Many photographers have captured the City of Hartford with images of the impressive downtown sights: Travelers Tower, the Old State House, the gold-domed State Capitol, the Boat Building, the Candy Cane Building, City Hall.
Pablo Delano looks for a different view of Hartford. The Trinity College art professor wanders Park Street seeking out lively, brightly colored storefronts. In residential neighborhoods, he stops in front of Perfect Sixes and less architecturally distinctive, even dilapidated, apartments. On busy main roads, he photographs car-repair shops, mini marts, old synagogues transformed into other houses of worship.
“If you look at contemporary images of Hartford, there’s this kind of chamber of commerce aesthetic, let’s make Hartford look good, Hartford the rising star,” Delano said. “I have a lot of affection and love for the city. I think it’s kind of saccharine when a photo just makes everything look pretty.
“In reality, the city is undergoing a huge transformation. Work is going on, a dump truck there, a pile of earth there. I don’t see that as blight. I see that as part of the process of change. … I don’t want to present a cheery, cheerleader perspective to a city that deserves more than that.”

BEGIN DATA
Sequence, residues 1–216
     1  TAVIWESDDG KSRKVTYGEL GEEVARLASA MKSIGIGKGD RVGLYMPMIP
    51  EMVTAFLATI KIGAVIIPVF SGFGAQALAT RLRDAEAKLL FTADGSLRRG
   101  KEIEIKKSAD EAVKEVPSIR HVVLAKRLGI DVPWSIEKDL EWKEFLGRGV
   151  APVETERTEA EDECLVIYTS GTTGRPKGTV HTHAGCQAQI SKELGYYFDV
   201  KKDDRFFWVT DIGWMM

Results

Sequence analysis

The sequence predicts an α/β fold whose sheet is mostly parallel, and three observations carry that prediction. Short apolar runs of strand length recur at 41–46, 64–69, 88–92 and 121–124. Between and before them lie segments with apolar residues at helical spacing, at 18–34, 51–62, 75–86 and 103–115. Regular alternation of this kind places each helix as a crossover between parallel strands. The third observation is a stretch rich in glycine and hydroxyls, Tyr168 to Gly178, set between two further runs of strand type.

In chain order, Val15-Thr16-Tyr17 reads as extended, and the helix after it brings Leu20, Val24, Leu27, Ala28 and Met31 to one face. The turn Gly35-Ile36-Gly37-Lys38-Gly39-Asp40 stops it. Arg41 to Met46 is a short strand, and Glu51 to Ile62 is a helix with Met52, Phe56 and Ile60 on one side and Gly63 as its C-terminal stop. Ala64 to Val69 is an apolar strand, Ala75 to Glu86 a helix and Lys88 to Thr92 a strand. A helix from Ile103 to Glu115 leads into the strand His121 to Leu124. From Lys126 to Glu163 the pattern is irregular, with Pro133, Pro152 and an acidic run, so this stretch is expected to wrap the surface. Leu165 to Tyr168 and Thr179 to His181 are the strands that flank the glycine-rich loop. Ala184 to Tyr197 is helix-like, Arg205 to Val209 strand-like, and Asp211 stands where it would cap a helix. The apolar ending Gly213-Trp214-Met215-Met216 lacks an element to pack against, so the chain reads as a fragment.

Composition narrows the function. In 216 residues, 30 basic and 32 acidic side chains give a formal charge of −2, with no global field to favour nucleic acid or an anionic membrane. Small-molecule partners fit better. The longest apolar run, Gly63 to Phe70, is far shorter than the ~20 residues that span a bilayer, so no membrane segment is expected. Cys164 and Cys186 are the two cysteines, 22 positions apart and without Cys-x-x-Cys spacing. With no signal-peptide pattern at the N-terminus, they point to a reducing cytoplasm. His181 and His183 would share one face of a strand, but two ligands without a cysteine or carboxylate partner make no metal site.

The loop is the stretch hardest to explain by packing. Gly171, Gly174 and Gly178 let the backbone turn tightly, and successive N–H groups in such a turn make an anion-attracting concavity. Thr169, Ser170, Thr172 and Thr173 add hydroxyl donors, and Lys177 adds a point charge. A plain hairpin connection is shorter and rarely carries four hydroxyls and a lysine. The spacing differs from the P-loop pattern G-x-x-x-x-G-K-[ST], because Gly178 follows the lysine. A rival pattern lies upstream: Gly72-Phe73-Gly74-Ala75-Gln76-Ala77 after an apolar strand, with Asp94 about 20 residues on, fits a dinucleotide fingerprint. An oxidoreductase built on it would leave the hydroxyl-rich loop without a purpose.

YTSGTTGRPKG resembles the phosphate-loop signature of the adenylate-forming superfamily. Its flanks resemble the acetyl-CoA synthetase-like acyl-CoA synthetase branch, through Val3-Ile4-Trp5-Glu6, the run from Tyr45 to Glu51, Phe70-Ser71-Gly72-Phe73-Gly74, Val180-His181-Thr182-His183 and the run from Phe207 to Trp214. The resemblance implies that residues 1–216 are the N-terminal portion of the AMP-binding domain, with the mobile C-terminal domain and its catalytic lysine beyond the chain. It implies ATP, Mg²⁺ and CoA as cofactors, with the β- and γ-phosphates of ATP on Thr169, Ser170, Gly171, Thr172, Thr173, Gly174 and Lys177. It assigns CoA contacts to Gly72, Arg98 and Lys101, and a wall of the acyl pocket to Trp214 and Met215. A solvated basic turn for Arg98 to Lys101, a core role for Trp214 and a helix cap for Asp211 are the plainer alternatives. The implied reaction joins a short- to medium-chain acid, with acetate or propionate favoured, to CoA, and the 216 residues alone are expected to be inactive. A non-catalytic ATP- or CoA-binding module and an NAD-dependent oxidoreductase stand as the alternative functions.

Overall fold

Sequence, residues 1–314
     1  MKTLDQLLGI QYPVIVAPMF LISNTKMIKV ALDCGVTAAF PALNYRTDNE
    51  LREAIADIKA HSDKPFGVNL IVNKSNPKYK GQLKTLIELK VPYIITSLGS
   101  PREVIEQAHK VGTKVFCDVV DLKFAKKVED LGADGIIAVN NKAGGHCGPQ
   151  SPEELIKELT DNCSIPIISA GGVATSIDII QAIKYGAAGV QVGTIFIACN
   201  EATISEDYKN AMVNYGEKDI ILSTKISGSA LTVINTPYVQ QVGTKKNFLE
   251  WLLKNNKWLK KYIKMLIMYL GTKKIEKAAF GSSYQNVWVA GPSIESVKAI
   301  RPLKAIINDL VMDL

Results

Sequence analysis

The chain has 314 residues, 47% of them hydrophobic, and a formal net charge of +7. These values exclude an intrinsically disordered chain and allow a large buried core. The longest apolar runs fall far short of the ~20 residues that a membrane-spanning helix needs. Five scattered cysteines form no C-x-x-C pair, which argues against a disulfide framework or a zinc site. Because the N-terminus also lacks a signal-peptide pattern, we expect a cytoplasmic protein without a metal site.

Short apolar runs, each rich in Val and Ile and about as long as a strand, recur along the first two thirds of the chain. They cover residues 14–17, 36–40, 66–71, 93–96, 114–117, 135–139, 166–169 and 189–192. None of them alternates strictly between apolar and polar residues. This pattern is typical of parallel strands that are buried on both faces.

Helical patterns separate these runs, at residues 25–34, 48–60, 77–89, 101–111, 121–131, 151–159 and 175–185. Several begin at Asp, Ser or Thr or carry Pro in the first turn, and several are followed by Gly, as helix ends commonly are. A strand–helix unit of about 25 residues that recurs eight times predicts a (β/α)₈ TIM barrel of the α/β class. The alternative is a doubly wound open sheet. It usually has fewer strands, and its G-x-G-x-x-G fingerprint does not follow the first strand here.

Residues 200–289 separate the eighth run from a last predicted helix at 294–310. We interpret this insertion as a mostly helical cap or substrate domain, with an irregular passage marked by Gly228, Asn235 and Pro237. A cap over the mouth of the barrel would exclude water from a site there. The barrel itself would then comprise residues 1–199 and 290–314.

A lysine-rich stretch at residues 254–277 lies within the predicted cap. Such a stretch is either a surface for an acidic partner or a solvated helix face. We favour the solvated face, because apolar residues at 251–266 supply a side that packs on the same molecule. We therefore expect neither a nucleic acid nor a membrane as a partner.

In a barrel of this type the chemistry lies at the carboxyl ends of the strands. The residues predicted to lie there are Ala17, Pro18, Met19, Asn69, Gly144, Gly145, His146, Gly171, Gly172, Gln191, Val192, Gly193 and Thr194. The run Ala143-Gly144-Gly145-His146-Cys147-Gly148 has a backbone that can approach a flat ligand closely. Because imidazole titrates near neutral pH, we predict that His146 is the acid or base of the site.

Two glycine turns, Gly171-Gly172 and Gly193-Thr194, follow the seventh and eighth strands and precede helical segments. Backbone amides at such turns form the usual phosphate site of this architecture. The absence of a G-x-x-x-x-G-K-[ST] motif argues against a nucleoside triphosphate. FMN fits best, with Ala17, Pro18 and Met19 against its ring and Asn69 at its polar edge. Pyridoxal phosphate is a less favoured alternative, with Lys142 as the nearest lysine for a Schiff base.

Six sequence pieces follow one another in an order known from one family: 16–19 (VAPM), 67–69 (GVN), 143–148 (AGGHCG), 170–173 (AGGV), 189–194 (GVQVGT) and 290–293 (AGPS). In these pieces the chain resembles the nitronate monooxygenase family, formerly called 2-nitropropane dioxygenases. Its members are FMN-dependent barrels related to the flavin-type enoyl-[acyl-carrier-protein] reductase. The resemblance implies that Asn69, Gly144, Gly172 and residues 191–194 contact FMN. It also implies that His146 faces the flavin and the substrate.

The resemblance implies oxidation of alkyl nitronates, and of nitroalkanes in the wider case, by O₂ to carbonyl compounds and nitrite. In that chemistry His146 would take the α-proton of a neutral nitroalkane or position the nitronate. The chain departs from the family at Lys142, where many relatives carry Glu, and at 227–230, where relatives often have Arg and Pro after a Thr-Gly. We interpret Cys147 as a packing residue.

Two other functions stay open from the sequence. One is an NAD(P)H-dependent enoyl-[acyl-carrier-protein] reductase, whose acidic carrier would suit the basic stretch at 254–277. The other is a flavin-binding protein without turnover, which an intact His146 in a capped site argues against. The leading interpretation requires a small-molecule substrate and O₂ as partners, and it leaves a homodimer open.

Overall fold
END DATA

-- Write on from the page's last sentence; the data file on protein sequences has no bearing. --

In the book, Delano’s images show working-class homes and businesses, most of them lived in by a series of residents over generations or even over a century. These include retail strips, repurposed buildings and buildings “that are sort of in between ugly and beautiful.”
In “Hartford Seen,” Hartford actually is seen, the real Hartford, not the squeaky-clean downtown Hartford that is bustling with white-collar workers on weekdays and vacant on nights and weekends, when those businesspeople retreat to their homes in the suburbs.
Delano lovingly depicts the built and lived-in residential and retail environment of the Capitol City, home to 122,000 people, most of them Black and Latinx. Interestingly, few of Delano’s images include people.
“It was not a conscious decision to exclude people. That was something about the repetitiveness of driving by same place every day. The same people won’t be there. Buildings are always there,” he said.
“Buildings take on personalities the way people do. The people who occupy those buildings leave their identity embedded into the structure as they change them to suit their needs tastes,” he said. “That structure may have been a very somber gray, then transformed to a bright color or different textures. Those kind of changes embody a story or narrative about the city.”